A veteran high school teacher befriends a younger art teacher, who is having an affair with one of her 15-year-old students. However, her intentions with this new "friend" also go well beyond platonic friendship.
A ballet dancer wins the lead in "Swan Lake" and is perfect for the role of the delicate White Swan - Princess Odette - but slowly loses her mind as she becomes more and more like Odile, the Black Swan.
Thinking Pulitzer Prize and hoping to bring down a President, D.C. political columnist Rachel Armstrong writes that the President ignored the findings of a covert CIA operative when ordering air strikes against Venezuela. Rachel names the agent, Erica Van Doren, a woman whose young daughter is in Rachel's son's class at school. The government moves quickly to force Rachel to name her source. She's jailed for contempt when she refuses. She won't change her mind, and the days add up. Chaos descends on Van Doren's life as well. First Amendment versus national security, marriage and motherhood versus separation. What's the value of a principle? Written by
There is a scene in the movie where Erica Van Doren (Vera Farmiga) is given a lie detector test because the CIA suspects that she leaked her own identity. Rod Lurie brought in a real life polygraphist to polygraph her for the scene. He asked her if her name was Erica Van Doren and if she worked for the CIA. After the scene was over the polygraphist called Lurie over to tell him that Farmiga beat the polygraph test because the machine said that she was telling the truth. See more »
Numerous times, Rachael is referred to as "Miss Armstrong", but since she's married, the correct title is "Mrs." See more »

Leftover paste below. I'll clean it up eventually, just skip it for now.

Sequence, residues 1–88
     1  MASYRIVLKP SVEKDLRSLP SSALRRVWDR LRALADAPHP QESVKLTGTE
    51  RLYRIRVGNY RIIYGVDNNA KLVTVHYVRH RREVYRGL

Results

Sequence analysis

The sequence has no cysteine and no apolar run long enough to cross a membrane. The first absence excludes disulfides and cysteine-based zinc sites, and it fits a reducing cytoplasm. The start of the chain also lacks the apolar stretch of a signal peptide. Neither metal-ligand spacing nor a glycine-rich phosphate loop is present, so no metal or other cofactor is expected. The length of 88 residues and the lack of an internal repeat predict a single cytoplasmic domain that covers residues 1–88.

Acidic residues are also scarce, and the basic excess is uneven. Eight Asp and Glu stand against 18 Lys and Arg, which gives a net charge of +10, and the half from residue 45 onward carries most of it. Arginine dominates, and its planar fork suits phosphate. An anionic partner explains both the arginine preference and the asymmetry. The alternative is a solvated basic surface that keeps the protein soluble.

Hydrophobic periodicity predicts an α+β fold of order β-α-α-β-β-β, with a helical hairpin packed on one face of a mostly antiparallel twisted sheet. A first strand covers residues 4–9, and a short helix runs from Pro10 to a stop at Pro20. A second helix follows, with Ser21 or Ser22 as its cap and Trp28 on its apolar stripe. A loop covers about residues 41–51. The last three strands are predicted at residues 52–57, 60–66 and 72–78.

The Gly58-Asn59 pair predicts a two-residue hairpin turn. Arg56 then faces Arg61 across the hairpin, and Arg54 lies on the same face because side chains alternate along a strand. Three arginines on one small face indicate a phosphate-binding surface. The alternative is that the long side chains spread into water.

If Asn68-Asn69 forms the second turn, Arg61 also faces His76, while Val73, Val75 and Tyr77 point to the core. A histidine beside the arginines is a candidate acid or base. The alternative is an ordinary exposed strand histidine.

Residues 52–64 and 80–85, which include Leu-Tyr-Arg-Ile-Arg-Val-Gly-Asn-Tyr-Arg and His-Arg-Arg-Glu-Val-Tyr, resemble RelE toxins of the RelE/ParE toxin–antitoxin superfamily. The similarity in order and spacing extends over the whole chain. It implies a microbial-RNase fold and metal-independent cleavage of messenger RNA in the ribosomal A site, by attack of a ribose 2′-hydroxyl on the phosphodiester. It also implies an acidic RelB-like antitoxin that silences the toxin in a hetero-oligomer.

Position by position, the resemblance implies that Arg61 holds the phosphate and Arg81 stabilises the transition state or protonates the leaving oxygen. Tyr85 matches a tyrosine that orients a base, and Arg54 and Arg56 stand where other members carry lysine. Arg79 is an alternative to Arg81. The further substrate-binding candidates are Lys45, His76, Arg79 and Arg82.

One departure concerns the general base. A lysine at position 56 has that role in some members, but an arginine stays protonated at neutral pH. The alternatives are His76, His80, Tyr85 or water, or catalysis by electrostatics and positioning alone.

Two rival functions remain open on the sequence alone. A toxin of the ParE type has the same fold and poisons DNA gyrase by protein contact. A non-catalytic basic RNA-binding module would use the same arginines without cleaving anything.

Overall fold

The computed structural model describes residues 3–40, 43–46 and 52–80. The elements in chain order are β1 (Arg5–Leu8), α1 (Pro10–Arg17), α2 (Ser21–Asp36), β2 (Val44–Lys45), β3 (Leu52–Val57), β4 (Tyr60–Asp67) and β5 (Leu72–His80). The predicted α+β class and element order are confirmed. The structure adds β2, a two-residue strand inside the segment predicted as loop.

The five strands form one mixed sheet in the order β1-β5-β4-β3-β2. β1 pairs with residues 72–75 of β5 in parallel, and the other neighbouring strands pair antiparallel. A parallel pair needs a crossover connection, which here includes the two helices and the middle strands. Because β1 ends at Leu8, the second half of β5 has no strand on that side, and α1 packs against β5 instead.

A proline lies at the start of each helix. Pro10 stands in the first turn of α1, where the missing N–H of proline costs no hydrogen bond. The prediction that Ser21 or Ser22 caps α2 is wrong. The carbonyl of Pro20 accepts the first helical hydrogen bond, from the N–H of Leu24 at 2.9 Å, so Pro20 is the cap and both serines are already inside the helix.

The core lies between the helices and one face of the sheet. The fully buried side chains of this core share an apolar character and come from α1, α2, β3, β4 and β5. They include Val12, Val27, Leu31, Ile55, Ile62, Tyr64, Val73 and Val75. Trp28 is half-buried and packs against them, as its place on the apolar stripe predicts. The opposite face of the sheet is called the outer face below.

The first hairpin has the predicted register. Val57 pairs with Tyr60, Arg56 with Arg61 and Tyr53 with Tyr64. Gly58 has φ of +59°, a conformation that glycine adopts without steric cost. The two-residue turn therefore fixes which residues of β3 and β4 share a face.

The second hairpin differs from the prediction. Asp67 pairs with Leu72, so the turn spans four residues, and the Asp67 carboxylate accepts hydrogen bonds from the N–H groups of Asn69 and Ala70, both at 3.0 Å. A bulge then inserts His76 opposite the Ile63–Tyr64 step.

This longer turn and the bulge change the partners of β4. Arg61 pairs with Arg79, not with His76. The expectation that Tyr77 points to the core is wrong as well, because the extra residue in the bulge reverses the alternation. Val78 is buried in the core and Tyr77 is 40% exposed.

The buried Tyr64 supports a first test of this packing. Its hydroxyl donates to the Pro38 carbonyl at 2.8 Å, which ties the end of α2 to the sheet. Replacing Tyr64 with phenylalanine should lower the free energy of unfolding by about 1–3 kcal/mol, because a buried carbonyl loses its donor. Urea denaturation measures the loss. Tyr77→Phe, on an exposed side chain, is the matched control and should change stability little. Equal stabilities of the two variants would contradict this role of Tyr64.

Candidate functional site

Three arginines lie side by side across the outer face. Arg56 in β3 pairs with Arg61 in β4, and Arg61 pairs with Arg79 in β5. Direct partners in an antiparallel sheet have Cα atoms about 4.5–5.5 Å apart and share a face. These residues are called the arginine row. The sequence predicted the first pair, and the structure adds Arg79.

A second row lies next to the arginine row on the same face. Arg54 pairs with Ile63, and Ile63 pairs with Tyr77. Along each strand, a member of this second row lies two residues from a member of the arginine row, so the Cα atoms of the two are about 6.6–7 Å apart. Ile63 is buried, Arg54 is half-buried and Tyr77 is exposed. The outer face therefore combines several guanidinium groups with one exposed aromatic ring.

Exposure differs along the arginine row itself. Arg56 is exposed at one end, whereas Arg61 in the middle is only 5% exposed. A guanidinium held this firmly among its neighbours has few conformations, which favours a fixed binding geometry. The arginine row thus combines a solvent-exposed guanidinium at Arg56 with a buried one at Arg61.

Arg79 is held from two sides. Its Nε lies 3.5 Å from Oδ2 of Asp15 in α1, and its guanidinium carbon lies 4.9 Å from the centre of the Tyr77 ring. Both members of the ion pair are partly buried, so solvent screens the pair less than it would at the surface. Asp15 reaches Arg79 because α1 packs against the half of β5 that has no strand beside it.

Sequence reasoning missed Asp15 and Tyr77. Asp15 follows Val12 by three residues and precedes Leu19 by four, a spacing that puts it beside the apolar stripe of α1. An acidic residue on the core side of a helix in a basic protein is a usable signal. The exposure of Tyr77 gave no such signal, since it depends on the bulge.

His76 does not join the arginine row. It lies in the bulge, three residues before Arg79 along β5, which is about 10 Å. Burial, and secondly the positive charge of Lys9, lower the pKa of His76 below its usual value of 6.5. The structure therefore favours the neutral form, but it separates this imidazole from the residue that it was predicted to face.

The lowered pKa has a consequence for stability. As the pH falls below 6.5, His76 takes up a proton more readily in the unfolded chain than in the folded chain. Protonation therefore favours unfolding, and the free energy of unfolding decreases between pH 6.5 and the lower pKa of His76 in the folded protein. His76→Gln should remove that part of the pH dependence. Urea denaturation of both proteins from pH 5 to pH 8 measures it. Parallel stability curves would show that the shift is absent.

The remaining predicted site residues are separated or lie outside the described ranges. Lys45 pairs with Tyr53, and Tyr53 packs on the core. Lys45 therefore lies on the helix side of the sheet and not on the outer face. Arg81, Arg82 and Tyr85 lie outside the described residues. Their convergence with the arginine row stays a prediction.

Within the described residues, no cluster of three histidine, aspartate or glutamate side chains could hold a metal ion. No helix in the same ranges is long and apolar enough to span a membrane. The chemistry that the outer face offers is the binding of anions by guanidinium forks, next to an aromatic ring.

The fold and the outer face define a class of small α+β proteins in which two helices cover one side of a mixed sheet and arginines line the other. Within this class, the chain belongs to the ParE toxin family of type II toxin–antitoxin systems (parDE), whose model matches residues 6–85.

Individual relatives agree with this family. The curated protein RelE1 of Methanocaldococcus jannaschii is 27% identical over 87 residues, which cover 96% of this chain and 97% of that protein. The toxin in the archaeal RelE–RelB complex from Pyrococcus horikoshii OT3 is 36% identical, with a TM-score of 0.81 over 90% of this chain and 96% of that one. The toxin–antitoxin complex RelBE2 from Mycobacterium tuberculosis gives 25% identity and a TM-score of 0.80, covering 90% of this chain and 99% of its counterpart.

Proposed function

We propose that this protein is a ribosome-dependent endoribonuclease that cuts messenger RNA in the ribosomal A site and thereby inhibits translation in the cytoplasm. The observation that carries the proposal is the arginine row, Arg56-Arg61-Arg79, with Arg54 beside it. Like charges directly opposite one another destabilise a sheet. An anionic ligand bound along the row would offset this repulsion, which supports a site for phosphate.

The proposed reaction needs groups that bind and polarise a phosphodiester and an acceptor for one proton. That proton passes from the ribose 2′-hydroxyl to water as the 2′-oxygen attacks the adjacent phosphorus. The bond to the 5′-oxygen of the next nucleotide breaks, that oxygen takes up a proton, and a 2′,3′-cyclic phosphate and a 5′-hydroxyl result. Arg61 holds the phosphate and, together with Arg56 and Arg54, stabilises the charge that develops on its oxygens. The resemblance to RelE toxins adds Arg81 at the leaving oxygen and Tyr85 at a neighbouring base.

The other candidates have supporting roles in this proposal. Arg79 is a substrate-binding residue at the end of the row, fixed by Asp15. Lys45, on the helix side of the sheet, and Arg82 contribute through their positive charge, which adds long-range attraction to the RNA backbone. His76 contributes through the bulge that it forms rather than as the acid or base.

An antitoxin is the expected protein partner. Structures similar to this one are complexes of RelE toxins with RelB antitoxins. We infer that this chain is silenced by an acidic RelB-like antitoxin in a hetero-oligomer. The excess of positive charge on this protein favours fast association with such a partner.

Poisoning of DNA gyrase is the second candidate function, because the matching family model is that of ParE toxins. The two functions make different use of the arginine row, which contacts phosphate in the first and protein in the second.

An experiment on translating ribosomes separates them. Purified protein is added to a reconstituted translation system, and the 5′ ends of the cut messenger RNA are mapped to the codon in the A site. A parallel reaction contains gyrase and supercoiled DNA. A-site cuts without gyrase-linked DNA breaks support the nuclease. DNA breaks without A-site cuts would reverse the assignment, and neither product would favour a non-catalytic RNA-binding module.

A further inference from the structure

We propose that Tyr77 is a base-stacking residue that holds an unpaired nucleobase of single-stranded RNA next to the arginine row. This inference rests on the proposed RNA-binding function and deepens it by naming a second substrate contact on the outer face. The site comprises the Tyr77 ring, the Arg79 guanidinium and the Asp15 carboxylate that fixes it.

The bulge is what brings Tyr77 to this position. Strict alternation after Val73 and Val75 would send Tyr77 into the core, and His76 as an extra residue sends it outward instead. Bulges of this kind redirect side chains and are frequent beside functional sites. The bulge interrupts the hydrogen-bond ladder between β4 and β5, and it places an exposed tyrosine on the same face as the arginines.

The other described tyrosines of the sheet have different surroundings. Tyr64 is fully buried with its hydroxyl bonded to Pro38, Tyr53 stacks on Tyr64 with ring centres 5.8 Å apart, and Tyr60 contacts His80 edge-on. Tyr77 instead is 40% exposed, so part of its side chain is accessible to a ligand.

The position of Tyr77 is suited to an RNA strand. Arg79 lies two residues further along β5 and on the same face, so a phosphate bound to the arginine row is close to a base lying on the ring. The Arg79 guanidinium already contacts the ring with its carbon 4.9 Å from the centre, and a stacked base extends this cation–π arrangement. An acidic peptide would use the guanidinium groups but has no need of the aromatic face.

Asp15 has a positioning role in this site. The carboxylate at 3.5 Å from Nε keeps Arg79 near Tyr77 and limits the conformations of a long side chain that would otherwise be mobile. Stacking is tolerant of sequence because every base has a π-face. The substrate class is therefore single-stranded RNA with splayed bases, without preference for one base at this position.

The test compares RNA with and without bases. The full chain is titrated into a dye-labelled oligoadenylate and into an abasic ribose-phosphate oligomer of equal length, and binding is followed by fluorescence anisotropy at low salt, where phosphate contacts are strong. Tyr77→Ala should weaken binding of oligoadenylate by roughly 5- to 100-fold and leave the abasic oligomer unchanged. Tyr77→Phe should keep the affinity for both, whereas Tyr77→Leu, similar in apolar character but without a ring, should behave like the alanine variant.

This is a movie for those wishing a career in public relations, not journalism, as it claims. Ms Beckinsale plays a reporter willing to risk everything to do the right thing, namely, protect her source. And by my estimation she succeeds quite handily. I didn't really think she could act very well, though she'd never really been tested, but she clearly can and does here, and it's a pleasure to see because there are way too many actresses out there who are merely a pretty face and body.
I had no problem thinking she could have been this determined reporter, but I should mention that my wife felt differently. Now my wife is not too kind to pretty women in general so I'm not quite sure what to make of it, but I enjoyed Kate's performance, with some minor reservations, and had no trouble being carried along by it, and it does the heavy lifting in the story, consuming the lion's share of the film. She's a beautiful lady, and perhaps I might question her having ever endured much pain and suffering in her personal life, but I don't doubt she understands what it means to have principles and can effectively imagine what it would be like to fight for them.
Another surprise was Alan Alda who I generally dislike. Here he's quite good, I thought, as was Matt Dillon, Vera Farmiga and David Schwimmer. Mr Dillon is actually quite memorable and you can't take your eyes off Vera whenever she's on screen and you kind of wish she were on more. But the biggest surprise of all was that they would try to confuse what Judith Miller did with what Kate Beckinsale's character does in this film.
Ms Miller is hardly a hero. She gladly passed on information fed to her by a vindictive White House. And, why not? She'd long since done the same for the intelligence agencies before that, not particularly caring whether the information was merely manipulative or not. As I understand it, she was most interested in forwarding Israel's agenda in the New York Times whenever she could. And it was less a matter of finding the truth than it was playing gullible at the right moment. That they're clearly attempting to resurrect her career here is pretty contemptible though I can't really say that completely destroys the performances or the peculiar entertainment value of the movie.
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